“I think the move from pandemic to endemic appears to be accelerating,” said Dr. William Schaffner, a professor in the division of infectious disease at Vanderbilt University Medical Center.
The CDC recently switched how it measures community levels.
The agency’s old metrics looked mostly at infection levels. As the US has moved to more of a manageable phase, infection alone didn’t capture the full impact of Covid-19 and the level of restrictions needed. Now, the CDC measures those levels by including rates of infection and hospital capacity.
Using the new metrics, CDC data show more than 90% of US residents live in a location with low or medium Covid-19 community levels.
A CNN analysis of the data finds only 7% of the US population is in a county with high Covid-19 community levels.
“Rates of cases are not at a very low rate, but they are low enough and hospital capacity is good enough that it’s appropriate to roll back many of the restrictions. Looking right now at these figures, for spring and summer, there’s a lot of hope,” said Amber D’Souza, an epidemiologist with Johns Hopkins University. “This would not have looked this good two or three months ago in the middle of the surge.”
In other words, in large swaths of the country, the metrics mean there’s a significantly lower risk you’ll get sick from Covid-19.
The surge is ending…but?
“This means that the current surge is abating, which is amazing news,” said epidemiologist Syra Madad, senior director of the system-wide special pathogens program at NYC Health + Hospital. “But,” and having lived through the pandemic the last couple of years, you knew there would be a “but.”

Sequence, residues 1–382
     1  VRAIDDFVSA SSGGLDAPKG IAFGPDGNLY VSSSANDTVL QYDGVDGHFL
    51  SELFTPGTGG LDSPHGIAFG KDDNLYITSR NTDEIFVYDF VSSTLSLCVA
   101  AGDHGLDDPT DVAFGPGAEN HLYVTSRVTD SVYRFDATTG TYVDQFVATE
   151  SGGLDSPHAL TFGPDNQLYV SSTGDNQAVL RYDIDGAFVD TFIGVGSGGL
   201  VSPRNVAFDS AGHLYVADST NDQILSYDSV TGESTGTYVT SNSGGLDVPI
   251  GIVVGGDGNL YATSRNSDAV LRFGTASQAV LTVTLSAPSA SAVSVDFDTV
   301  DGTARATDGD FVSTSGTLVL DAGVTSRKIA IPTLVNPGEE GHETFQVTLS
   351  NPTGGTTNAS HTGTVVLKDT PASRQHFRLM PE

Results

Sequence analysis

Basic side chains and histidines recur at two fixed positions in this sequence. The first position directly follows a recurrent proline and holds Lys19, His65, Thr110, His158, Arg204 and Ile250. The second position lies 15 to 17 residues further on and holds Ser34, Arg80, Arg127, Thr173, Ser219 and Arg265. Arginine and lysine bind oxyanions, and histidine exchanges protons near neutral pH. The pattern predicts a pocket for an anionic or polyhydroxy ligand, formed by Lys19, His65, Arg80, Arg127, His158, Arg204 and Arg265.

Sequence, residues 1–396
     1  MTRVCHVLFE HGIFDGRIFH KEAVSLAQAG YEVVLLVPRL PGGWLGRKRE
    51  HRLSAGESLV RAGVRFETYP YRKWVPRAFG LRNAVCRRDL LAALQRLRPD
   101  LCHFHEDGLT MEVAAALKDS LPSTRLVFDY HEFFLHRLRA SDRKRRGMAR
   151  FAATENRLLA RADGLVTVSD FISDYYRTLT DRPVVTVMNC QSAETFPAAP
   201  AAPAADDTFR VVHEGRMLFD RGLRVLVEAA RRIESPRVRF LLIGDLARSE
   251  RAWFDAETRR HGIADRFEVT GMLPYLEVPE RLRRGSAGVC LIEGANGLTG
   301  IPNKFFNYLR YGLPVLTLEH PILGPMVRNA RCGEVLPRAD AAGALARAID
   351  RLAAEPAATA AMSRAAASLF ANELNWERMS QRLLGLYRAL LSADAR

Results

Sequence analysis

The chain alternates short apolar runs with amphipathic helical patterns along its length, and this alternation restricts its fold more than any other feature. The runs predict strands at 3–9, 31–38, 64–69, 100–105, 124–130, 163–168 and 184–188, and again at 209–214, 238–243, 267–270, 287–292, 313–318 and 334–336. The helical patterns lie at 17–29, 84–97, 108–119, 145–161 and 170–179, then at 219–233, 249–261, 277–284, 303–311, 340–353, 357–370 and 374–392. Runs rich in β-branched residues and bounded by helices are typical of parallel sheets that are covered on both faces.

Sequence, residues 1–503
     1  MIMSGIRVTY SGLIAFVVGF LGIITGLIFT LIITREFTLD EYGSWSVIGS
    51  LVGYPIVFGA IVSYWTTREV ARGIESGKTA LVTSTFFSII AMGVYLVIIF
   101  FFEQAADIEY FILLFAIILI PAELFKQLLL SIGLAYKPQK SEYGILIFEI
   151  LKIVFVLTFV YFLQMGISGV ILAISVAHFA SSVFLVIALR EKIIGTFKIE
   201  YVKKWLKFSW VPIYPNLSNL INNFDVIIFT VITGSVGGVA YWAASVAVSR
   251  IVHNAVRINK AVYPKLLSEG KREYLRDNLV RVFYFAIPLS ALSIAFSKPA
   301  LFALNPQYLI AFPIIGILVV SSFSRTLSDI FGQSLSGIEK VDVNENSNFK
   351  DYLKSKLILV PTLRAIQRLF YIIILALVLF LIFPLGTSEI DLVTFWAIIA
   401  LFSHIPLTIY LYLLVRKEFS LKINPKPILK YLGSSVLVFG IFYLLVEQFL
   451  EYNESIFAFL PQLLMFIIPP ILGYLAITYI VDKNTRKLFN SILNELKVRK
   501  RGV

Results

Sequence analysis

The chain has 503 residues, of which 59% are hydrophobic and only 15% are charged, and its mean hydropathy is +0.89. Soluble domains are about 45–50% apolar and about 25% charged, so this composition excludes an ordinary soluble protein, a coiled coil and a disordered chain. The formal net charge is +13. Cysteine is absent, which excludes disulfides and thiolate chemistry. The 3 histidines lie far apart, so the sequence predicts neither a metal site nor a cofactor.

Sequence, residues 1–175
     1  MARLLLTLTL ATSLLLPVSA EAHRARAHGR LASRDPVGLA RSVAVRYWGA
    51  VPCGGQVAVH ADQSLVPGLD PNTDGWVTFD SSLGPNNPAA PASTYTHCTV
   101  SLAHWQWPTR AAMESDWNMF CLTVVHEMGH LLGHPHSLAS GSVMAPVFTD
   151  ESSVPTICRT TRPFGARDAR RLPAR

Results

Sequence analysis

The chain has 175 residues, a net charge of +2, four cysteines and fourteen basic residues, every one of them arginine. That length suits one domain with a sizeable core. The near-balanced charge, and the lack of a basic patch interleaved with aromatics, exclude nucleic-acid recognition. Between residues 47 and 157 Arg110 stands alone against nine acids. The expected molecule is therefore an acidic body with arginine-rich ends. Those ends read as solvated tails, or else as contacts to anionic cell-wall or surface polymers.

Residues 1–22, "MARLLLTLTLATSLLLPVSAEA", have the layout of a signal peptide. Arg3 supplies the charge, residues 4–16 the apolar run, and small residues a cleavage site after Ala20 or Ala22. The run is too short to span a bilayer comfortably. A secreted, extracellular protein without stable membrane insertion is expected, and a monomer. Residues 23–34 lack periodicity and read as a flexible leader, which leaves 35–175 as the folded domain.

“I think it’s really important to state that when people look at community transmission levels as being low, that does not mean that it’s zero,” Madad said.
In areas considered to have high Covid-19 community levels, people need to take the usual pandemic precautions, she said. In areas at low or medium levels, masks and physical distance practices may be safely dropped. But only for some, not all people.
“Obviously with low levels of the virus circulating in the community, there’s a decreased chance of you coming into contact with somebody that might be infectious, but that doesn’t mean that your risk is zero,” Madad said.
“We know an end of a surge does not mean an end of the pandemic,” Madad said.
Deaths from Covid-19 have dropped 11% from last week, but the US is still averaging 1,554 new deaths each day, according to Johns Hopkins University. It’s much worse than a disease like the flu, the experts said
“There are many people dying every day from coronavirus. It remains a very serious infectious disease. But we have made tremendous progress,” D’Souza said.
Some of the progress comes from the tools the country has developed to manage the pandemic. Tests and therapeutics have become easier to access and the Biden administration promises more are on the way. But, the experts caution, even as cases decline, people still need to watch for signs that they are sick with Covid-19. Therapeutics only really work if a person who is sick gets access to them fast.
“You know whether it’s monoclonal antibodies or medication, if you think you’re sick, you still need to get tested right away,” said Dr. Claudia Hoyen, the director of pediatric infection control at UH Rainbow Babies and Children’s Hospital in Cleveland. “It’s also important to remember that there are still people who are vulnerable to severe disease.”
“Right now we’re in a really great place and we should take advantage of that, but we should not forget those who are vulnerable and who should take the appropriate precautions,” Hoyen said.
Covid-19 is unlikely to be eradicated any time soon. People still need to be flexible and put on masks and practice physical distancing again if Covid-19 case levels get high in their area, the experts said.
But, if another variant doesn’t come along and evades existing vaccines and therapeutics, the new CDC numbers may mean the end of the pandemic stage of Covid-19 is near.
“Clearly, it isn’t over yet. There are still people we need to protect,” Hoyen said. “But hopefully, maybe, just maybe this is the beginning of the end. Wouldn’t that be wonderful?”